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Thursday, November 30, 2023

How do you write a tango?

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Eugenia Gallardo
Eugenia Gallardo
Literariamente Eugenia se define como hija de Asturias y Cervantes; prima de Monterroso y Batres Montúfar; amiga de Yourcenar y Christie. Su obra ha sido traducida al italiano y francés, e incluida en antologías. Publica poco y escribe mucho; la crítica ha sido generosa con los frutos de su inventiva. En 2020 y 2021 fue nominada al Premio Nacional de Literatura. Floreció en dos hijas y dos nietas. Casada de dos hervores, hoy es soltera empedernida. Creció en Cobán, Huehuetenango y la Ciudad de Guatemala. Entre aventuras y exilios ha vivido en Nueva Orleans, Sao Paulo, Atlanta, Carolina del Norte, Londres, Madrid y Costa Rica. Es Máster en Ciencias en Economía de América Latina (Universidad de Londres). Como economista política se ha dedicado principalmente a la investigación social. Escritora, dramaturga, actriz y artista plástica, su principal motivación es la creatividad y la experimentación.

How do you write a tango?
A respectful call for fairness
By Eugenia Gallardo

How do you write a tango? I asked for. A tango is not written, it is danced, they answered me in the classic posture of someone who enjoys consuming and not doing what is consumed. However, in that tango that we dance we forget the heartbroken man who wrote it and the bandoneon who dried his tears and we don’t see the need to make our own tango.
We do the same with literature. We read, we buy books, we make libraries, reading promotion days, literature study programs, readings and literary meetings… all in the same vein of “let’s dance that tango”.
Parallel and marginally (I emphasize the marginal) the world offers us workshops on literary creation or writing or write your best seller in five steps. Writing as an exception, as a bizarre task for someone who aspires to be a writer with capital letters or an author with capital letters and bold.
My concern is this: what would happen if, in addition to cultivating the beautiful garden of readers, we bent our backs creating and nurturing a hotbed of writers? What if we put a writing lab in every library in the universe? Utopian? Couldn’t we at least have a room for every hundred libraries for those who wander around lost wanting to polish their writing? A closed room that, instead of saying “Silence” as in the library, says “Write, ask questions, share your concerns as a budding writer”. A little fairness between educating readers and cultivating writers is what I ask for. Balance the balance a little and rethink that: “do you want to be a writer? read!” and introduce the concern: do you want to be a writer? scribe! scribe! scribe! that many read so much that they later become inhibited and no longer write. In libraries, in bookstores, a friendly space for the writer. A safe space with a guide, a tutor, someone who listens, who guides, who stimulates! That the right to read does not eclipse I show the basic right to express ourselves with the written word to leave, at least, an account of what we had to live. Let’s read, yes: let’s dance that tango. But let’s not forget to write our own tango to leave a mark, so that our descendants know who we were.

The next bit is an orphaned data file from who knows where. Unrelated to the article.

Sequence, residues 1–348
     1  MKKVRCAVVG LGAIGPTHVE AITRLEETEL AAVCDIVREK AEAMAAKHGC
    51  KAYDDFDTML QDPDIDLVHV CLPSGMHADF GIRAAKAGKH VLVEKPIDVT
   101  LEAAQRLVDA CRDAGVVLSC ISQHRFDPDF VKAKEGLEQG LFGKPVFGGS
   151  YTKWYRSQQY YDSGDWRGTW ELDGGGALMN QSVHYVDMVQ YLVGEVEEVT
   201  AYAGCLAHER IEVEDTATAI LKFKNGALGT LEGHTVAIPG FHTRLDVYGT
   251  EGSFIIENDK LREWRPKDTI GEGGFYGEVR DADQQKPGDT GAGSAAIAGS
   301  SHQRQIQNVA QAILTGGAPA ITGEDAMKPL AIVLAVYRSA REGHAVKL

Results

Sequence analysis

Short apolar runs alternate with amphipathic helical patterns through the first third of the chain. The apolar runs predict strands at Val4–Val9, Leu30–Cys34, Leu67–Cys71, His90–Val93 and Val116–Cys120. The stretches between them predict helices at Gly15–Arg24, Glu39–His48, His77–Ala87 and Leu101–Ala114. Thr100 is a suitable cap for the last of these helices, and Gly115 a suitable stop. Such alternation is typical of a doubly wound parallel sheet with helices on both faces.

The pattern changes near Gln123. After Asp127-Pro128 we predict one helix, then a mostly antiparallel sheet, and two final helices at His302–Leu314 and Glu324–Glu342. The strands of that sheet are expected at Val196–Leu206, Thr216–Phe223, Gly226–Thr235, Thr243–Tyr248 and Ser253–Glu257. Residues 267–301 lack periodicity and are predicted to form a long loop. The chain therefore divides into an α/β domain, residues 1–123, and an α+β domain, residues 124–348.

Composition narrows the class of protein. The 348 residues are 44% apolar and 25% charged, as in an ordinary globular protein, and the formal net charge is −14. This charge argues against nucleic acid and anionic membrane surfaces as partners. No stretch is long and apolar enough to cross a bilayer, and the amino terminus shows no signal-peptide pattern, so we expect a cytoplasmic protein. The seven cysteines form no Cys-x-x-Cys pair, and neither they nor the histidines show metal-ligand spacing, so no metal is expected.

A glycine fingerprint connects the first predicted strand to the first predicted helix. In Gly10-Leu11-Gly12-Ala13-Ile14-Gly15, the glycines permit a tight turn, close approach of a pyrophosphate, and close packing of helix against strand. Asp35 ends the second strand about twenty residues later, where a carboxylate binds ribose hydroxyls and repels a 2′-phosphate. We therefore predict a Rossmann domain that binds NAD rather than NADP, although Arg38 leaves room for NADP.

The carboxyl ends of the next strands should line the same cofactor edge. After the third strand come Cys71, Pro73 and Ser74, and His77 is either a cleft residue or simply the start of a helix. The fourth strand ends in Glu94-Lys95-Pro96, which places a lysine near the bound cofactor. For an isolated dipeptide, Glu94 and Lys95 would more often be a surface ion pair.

Eugenia Gallardo
3 October 2022
Raleigh NC


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